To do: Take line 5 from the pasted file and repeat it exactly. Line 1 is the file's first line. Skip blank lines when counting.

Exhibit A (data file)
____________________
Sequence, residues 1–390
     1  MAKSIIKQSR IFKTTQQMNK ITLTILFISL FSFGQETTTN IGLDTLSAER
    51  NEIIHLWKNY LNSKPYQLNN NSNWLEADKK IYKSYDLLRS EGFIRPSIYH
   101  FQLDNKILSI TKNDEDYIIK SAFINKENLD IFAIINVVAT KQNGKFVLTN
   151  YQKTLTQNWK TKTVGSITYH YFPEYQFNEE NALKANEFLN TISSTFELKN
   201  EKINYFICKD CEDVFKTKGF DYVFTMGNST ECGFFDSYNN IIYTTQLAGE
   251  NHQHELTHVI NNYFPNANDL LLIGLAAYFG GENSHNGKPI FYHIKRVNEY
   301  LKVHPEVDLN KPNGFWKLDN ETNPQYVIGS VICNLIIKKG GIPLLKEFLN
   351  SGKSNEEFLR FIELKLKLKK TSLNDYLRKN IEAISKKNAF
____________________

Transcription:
   151  YQKTLTQNWK TKTVGSITYH YFPEYQFNEE NALKANEFLN TISSTFELKN